What to watch for as Parliament resumes


OTTAWA – Parliament reopens for business Monday after a 12-week summer break.

Here’s a look at the priorities the three main political parties have staked out and the challenges each faces in what has the potential to be a tumultuous fall sitting of the House of Commons:



— Stimulating the stalled economy and improving conditions for the middle class. That includes passing the bill formalizing a tax cut for middle income earners and the second part of the bill implementing last March’s budget.

The government is also hoping the roll-out of funding for major infrastructure projects will boost the economy. It is also working on finalizing a free trade agreement with the European Union. And Prime Minister Justin Trudeau will make the case for investing in Canada to some of the most prominent international pension funds and portfolio managers at a Toronto summit on Nov. 14 organized by BlackRock, the world’s largest asset manager.

— Striking an agreement with the provinces on a national climate change strategy, which is to include putting a price on carbon. A first ministers’ meeting is expected in November.

— Finding consensus on reforming Canada’s first-past-the-post voting system. An all-party committee is to report with a recommended alternative by Dec. 1. Trudeau has vowed that last fall’s federal election will be the last conducted under FPTP.

— Negotiating a new long-term health accord with the provinces that focuses on a pharmacare strategy and improving home care, palliative care and mental health services.

— Deciding where to send Canadian peacekeepers. Trudeau has pledged to send up to 600 military personnel and 150 police officers to take part in United Nations peacekeeping missions.


— A stubbornly stagnant economy, causing job losses and a rising unemployment rate.

— A host of thorny issues which require hard choices that will inevitably disappoint some segments of the population, including electoral reform, pipelines, climate change and how to proceed with the purchase of new fighter jets.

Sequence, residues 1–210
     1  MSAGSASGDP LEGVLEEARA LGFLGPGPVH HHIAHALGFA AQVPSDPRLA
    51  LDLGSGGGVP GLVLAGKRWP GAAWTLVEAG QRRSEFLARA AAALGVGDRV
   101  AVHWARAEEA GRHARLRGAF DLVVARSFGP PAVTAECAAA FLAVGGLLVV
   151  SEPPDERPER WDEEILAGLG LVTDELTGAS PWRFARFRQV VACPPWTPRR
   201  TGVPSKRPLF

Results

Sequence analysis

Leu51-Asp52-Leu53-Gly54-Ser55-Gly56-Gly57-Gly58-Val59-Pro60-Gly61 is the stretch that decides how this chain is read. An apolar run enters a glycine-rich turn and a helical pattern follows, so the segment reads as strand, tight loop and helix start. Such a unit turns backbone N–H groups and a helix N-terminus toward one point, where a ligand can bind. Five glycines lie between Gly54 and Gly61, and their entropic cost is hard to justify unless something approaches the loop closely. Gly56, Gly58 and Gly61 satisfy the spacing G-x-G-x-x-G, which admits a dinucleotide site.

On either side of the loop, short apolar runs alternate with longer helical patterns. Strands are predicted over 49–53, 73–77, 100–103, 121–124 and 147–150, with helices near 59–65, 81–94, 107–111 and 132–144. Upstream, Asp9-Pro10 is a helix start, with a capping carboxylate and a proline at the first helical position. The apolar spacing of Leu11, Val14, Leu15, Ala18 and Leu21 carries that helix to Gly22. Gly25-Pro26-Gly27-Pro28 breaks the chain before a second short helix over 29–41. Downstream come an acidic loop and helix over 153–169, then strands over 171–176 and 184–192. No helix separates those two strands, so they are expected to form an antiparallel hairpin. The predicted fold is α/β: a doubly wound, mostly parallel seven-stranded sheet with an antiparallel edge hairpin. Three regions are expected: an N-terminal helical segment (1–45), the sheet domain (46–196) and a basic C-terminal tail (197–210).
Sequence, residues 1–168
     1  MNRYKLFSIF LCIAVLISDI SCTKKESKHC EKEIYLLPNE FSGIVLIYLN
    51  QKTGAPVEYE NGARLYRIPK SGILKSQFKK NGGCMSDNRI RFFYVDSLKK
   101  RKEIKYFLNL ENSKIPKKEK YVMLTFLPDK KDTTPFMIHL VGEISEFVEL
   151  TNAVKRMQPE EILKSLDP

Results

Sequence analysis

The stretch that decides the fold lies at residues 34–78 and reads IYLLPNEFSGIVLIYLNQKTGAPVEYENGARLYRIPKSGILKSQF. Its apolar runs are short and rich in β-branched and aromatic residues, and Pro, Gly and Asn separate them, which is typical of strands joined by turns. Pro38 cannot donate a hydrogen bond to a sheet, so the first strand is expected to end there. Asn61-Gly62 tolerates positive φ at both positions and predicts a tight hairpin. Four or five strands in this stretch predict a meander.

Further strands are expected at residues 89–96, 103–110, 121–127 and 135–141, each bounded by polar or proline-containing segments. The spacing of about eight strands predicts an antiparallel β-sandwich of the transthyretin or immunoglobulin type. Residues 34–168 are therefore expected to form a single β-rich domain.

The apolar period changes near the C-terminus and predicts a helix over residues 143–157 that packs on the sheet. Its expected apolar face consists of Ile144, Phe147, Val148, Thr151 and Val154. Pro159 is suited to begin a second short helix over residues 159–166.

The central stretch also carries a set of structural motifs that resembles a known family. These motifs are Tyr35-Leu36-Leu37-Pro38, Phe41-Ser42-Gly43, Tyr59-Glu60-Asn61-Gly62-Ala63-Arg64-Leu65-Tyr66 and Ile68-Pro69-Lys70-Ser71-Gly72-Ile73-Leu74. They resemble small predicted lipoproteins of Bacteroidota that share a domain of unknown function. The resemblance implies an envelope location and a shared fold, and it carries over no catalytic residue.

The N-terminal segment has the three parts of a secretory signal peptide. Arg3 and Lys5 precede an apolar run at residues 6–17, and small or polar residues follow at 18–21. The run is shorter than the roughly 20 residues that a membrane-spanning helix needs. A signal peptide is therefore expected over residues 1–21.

— The potential for getting knocked off message by events, such as the expenses controversy that has plagued Health Minister Jane Philpott and several other ministers over the summer.



— Guarding taxpayers against the government’s big-spending, high-deficit agenda and coming tax hikes in the form of carbon pricing and increased CPP premiums.

— Demanding a debate and vote on whatever peacekeeping mission(s) the government ultimately chooses to participate in.

— Demanding a national referendum on any change to the electoral system.


— Keeping a coherent message and a united front in the midst of a leadership contest. That could prove difficult, as has been demonstrated by the controversy over leadership contender Kellie Leitch’s proposal to screen prospective immigrants for “anti-Canadian values.”



— Pressuring the government to accept a new voting system based on proportional representation, in which a party’s share of seats in the Commons would more accurately reflect its share of the popular vote.

— Holding the government to account for worsening economic conditions, particularly job losses, record levels of family debt, seniors living in poverty and the housing affordability crisis.

— Holding the government to account for its failure to deliver on promises to improve conditions for indigenous peoples, protect public health care and combat climate change.


— Like the Tories, maintaining a coherent message and united front in the midst of a leadership race.

This is a more daunting challenge for the NDP due to slumping poll numbers, plummeting donations and ongoing misgivings by some New Democrats about Tom Mulcair remaining leader until a successor is chosen in October 2017. Mulcair survived an attempted coup last week but could face more efforts to push him out if the party’s fortunes continue their downward spiral.